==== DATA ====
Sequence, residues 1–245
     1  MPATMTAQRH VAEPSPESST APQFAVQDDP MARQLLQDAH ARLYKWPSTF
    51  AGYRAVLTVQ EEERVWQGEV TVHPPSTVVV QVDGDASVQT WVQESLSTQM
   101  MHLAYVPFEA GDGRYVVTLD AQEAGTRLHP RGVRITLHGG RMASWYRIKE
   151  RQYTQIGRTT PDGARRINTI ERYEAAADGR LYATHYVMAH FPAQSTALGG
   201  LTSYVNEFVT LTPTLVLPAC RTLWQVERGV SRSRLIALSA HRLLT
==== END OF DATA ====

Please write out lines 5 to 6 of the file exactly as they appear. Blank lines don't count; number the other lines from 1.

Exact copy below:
   151  RQYTQIGRTT PDGARRINTI ERYEAAADGR LYATHYVMAH FPAQSTALGG
   201  LTSYVNEFVT LTPTLVLPAC RTLWQVERGV SRSRLIALSA HRLLT